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User Interface 2.0

One of the things that attracts us all to Web 2.0 is that it is slick

One of the things that attracts us all to web 2.0 is that it is slick. Stuff pops up, floats, appears and disappears showcasing us the power of effects possible with today's JavaScript. We sit there in awe, thinking, wow, that was cool!

Cool is what compels us to give it a try. Cool is marketing. But cool is not the substance. Clearly, in order for us to adapt a new application it needs to demonstrate the utility beyond cool. It needs to be useful and usable, preferably daily.

So what are then the properties and qualities that useful web applications share? This is by no means an easy question. Unlike a mathematical equation, user experience design does not have exact answer. A lot of things are simply a matter of perception and taste. There are, however, a few general principles some are old some are new that can help your application gain acceptance from most users.

Don't make me think - old motto reloaded
We all heard this time and again – don't make the users think. Easier said than done, right? Especially if we consider complexity of some applications that we are building. How can, for example, a project management application interface be simple? Project management is not a simple thing, so how can the software that helps us do it have a simple interface?


To get the answer to this question, we need to first acknowledge that any software is essentially a model of something very real. For example, Adobe Photoshop is a modeling the process of graphics design, while the Basecamp from 37signals, embodies project management. Any good model closely approximates the real thing. It does so by capturing and weaving together the essential concepts, features, processes, rules and by establishing a vocabulary of the underlying domain.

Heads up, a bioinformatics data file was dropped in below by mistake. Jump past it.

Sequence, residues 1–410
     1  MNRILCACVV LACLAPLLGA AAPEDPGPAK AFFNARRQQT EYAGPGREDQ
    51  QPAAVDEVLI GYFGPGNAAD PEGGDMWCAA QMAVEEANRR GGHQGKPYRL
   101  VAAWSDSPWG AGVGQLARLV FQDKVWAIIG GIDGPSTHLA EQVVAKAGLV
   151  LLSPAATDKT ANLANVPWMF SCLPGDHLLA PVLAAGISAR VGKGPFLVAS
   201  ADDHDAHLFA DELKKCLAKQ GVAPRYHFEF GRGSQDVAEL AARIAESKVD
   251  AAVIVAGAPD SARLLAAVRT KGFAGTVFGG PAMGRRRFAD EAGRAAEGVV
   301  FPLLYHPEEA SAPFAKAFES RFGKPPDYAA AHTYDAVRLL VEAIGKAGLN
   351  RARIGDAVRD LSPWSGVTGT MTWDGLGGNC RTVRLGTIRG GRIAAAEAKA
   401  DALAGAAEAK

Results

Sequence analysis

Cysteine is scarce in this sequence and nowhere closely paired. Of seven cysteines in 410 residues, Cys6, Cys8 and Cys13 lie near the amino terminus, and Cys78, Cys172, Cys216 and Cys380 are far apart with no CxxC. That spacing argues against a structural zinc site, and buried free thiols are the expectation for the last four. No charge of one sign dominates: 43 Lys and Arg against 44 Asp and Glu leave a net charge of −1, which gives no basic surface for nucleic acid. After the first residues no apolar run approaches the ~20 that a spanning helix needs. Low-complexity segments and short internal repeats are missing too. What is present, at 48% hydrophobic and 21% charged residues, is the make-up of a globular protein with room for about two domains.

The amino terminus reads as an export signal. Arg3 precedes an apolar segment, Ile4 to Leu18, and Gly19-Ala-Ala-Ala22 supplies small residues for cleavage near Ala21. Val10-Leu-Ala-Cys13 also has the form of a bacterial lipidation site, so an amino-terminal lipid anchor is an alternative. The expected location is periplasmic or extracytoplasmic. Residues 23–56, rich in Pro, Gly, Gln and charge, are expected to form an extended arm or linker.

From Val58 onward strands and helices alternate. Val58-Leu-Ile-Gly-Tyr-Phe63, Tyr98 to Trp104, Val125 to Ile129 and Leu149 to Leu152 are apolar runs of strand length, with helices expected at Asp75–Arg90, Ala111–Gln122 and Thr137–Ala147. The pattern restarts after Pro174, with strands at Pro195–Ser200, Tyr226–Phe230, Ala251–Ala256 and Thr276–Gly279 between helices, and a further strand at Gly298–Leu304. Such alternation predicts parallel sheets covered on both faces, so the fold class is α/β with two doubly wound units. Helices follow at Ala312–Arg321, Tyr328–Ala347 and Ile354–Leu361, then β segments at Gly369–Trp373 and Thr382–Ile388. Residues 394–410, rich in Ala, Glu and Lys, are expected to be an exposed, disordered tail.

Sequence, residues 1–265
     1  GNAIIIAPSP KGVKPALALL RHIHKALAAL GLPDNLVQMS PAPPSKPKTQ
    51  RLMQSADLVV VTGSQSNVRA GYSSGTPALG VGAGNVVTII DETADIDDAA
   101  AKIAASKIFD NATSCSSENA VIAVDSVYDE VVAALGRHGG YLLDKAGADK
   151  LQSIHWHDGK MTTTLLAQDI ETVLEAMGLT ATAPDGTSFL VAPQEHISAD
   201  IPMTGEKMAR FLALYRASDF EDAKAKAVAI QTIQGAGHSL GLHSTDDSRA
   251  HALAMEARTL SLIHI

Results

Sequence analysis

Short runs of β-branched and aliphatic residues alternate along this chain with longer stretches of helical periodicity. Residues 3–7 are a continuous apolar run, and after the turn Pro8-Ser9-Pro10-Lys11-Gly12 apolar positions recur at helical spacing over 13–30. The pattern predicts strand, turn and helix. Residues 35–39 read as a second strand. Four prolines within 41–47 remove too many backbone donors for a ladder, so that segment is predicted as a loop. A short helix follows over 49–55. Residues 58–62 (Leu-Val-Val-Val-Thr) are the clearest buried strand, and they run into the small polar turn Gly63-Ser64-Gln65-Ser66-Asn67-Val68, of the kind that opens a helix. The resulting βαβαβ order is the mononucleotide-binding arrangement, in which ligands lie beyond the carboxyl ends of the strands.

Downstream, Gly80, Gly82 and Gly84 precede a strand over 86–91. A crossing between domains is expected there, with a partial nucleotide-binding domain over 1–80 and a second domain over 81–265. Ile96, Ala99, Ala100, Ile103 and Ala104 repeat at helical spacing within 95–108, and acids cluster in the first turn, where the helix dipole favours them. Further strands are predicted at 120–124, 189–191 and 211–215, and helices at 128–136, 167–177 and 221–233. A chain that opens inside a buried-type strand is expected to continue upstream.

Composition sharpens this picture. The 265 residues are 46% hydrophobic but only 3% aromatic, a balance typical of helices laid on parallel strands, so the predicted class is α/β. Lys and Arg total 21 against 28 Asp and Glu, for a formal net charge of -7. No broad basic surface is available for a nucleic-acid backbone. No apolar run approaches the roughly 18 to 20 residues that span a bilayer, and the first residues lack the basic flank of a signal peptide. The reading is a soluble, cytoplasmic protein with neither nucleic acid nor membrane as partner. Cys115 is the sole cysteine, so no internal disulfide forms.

Zooming into the Basecamp, we see that it succeeds because it puts the essential aspects of the project management into the spotlight. When we open this tool, we meet Milestones, To do lists, Notes (Writeboards), Files, People and Companies. These are the concepts, the players, the nouns of project management. Basecamp, puts them into the spotlight, it speaks these concepts to the user.

The old motto is right, good software should not make the user think. What it does not say, though, is that the users should not have to think, because the interface does not surprise them. The software presents the screens that are as close as possible to the actual problem at hand. It does not invent terminology, instead it leverages already familiar concepts and ways of doing things. The Basecamp's interface is a view of a project management system.

Turn the use cases  into flows
You will think hard about the key concepts in your system so that your users will not have to think as much. But after you decide on the main concepts, there is even more complex task that awaits you – deciding on the flows. In other words, once you discovered the nouns, you now need to discover the verbs.

Classic software engineering provides us with a great tool for doing just that. It is called use case modeling. What is particularly great about the use cases is that they give you a linear way of dealing with non-linearity in your system. Choose one user and one system concept, spell out possible actions and you got your use cases. Now repeat this for other concepts.

Consider for example, what a user can do with a Milestone in Basecamp. In essence the user can create a milestone, delete milestone and complete milestone. Since these are short and simple, the user interface must be short an simple as well. Basecamp excels because it does not require the user to make extra clicks and because it puts the information you want right in front of you.

 
Figure 2: Milestone editor in Basecamp